"Celebrate the 50th Anniversary of the reopening this 2017/2018 Season."
The artistic and political trends in the first quarter of the 19th century were determined by Max IV Joseph, who ruled from 1799 on as Elector, then, following the elevation of Bavaria to the status of kingdom, from 1806 to 1825 as King Max I. In 1802, the old "Haberkasten" on Salvatorplatz was torn down. The "Hof-National-Schaubühne" ("Court-National Theatrical Stage") moved into the Cuvilliés Theater becoming the "Churfürstliches Hoftheater" ("Electoral Court Theater"). One of the last decisive acts of Bavaria's King Max was the laying of the cornerstone for the Royal Court and National Theater on Marstallplatz in 1811. This house, built to plans by Carl von Fischer, burned down on January 14, 1823, but thanks to the willingness of the Munich citizenry to make sacrifices, it was restored under the direction of architect Leo von Klenze and was able to reopen its doors only two years later.
Staatsballet | 2017/2018 Calendar & Tickets
Staatsoper | 2017/2018 Calendar & Tickets
Staatsorchester | 2017/2018 Calendar & Tickets
With the accession of King Ludwig I, who continued his father's tradition from 1825 to 1848, and the revival of the new National Theater, another new epoch in Munich's operatic history began.
The reign of Bavaria's opera-enthusiast story-book King Ludwig II from 1864 to 1886 is closely tied in with the name of Richard Wagner. Shortly after his accession, the 19-year old king, who had been totally enchanted by Wagner's Lohengrin, brought the totally debt-ridden composer to Munich. The controversial friendship between monarch and musician, which ended in a political wrangle, ushered in a new heyday for opera in Munich – indeed for opera itself. Milestones in this development included the world premières of four masterworks by Richard Wagner. On June 10, 1865 the new court conductor Hans von Bülow conducted Tristan und Isolde, and three years later Die Meistersinger von Nürnberg. There followed on September 22, 1869 and June 26, 1870 the world premières of Das Rheingold and Die Walküre under the musical direction of Franz Wüllner. In 1888, Die Feen was given its world premiere. The Royal Court and National Theater was in the limelight of the European musical world.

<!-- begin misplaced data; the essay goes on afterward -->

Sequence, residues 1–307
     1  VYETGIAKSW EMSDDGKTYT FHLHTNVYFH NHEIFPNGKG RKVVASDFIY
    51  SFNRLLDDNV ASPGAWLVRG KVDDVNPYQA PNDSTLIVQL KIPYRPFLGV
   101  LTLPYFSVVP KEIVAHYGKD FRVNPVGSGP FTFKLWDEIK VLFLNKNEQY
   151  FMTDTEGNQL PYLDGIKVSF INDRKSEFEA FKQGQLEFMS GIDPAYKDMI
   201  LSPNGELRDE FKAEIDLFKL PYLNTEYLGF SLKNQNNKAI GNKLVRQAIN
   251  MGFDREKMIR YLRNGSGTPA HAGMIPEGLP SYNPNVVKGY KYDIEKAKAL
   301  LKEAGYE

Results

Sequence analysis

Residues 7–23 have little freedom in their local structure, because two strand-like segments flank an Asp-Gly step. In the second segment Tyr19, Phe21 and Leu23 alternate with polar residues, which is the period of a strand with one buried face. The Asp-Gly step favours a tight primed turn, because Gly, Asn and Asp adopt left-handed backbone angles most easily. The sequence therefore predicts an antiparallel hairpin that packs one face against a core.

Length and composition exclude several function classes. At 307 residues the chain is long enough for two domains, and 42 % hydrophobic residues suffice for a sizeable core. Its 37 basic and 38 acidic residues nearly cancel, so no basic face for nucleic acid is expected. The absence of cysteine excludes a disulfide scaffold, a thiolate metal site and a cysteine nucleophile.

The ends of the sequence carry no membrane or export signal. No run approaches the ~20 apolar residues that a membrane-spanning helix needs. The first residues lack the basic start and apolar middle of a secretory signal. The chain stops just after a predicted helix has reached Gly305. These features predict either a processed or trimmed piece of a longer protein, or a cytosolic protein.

During an Allied bombardment in the night of 3rd - 4th October, the National Theater was turned into an eerie ruin. Further damage and destruction as well as the proclamation of "total war" silenced the State Opera for a while.
The National Theater was re-opened on 21 November, 1963 with Richard Strauss‘ Die Frau ohne Schatten. In celebration, the 2013/14 season will open with the same selection.